Irridu (Irrite) was a city in northwestern Mesopotamia, likely located between Harran and Carchemish. It flourished in the middle and late Bronze Age before being destroyed by Assyria.

HistoryEdit

The city was first mentioned in a letter from the king of Carchemish to Zimri-Lim of Mari. The letter suggested that Irridu had been a subject of Carchemish, and subsequently it came under the rule of Yamhad.[1]

In the middle of the 18th century BC, the city was ruled by Yarim-Lim, who was the brother of Abba-El I, king of Yamhad. Zitraddu, the governor of the city, rebelled against Yarim-Lim; Abba-El I quashed the rebels violently to the extent of destroying the city and he compensated his brother by giving him Alalakh.[2]

After the fall of Aleppo, the capital of Yamhad, to the Hittite king Mursili I, Irridu came under the control of Mittani. The Hittites, under prince Piyassili,[3] occupied Irridu in their advance upon the Mittanian capital Washukanni and after the Hittites retreated, it became a regional center for Mittani until it was conquered by Adad-nirari I, king of Assyria.

Assyrian ConquestEdit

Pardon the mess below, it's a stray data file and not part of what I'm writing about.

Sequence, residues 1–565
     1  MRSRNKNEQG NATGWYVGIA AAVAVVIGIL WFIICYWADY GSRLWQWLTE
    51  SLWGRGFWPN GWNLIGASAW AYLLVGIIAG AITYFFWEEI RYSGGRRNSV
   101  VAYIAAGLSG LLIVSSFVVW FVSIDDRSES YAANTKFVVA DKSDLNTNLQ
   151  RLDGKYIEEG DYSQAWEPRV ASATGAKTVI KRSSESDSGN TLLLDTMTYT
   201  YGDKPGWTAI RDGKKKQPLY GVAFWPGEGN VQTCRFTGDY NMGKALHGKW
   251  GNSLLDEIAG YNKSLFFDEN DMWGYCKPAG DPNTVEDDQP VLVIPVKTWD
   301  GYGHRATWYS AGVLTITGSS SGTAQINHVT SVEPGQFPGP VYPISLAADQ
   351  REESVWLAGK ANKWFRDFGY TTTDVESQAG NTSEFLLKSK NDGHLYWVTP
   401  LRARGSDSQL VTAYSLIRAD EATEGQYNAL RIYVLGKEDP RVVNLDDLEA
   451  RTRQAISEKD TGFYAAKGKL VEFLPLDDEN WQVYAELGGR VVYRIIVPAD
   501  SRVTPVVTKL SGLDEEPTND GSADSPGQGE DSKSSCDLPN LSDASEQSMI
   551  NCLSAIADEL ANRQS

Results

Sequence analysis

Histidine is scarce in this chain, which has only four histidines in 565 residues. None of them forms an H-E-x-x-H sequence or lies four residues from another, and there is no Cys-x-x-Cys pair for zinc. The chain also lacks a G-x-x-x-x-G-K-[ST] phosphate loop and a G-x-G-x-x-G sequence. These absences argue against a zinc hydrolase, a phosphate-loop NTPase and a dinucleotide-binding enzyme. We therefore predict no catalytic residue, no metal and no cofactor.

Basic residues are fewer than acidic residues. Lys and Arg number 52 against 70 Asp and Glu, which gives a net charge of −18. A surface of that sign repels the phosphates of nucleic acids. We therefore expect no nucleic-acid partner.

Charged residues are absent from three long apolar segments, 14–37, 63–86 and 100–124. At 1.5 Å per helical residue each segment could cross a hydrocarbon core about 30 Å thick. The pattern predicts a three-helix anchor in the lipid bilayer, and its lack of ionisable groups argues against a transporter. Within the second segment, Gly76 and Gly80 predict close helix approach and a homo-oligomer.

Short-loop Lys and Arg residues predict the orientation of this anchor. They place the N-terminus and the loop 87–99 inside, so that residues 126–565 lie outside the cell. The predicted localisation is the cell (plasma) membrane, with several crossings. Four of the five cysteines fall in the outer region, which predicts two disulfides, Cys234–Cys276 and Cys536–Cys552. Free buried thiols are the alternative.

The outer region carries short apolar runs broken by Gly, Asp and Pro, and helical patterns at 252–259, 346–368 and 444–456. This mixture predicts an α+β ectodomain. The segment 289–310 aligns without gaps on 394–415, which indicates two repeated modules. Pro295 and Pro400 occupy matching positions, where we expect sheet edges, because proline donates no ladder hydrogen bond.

King Wasashatta of Mittani rebelled against the Assyrians and sought the help of the Hittites, but received none. Adad-nirari I attacked Mittani and conquered most of its cities. The royal family of Mittani escaped to Irridu but the Assyrians found them and deported them to Assyria.

Irridu and many cities in its area were set on fire, destroyed, and sowed with salty plants.[4]

See alsoEdit

ReferencesEdit

CitationsEdit

  1. ^ Trevor Bryce. The Routledge Handbook of the Peoples and Places of Ancient Western Asia. p. 337.
  2. ^ William J. Hamblin. Warfare in the Ancient Near East to 1600 BC. p. 260.
  3. ^ Amanda H. Podany. Brotherhood of Kings: How International Relations Shaped the Ancient Near East. p. 298.
  4. ^ Amnon Altman. Tracing the Earliest Recorded Concepts of International Law. p. 101.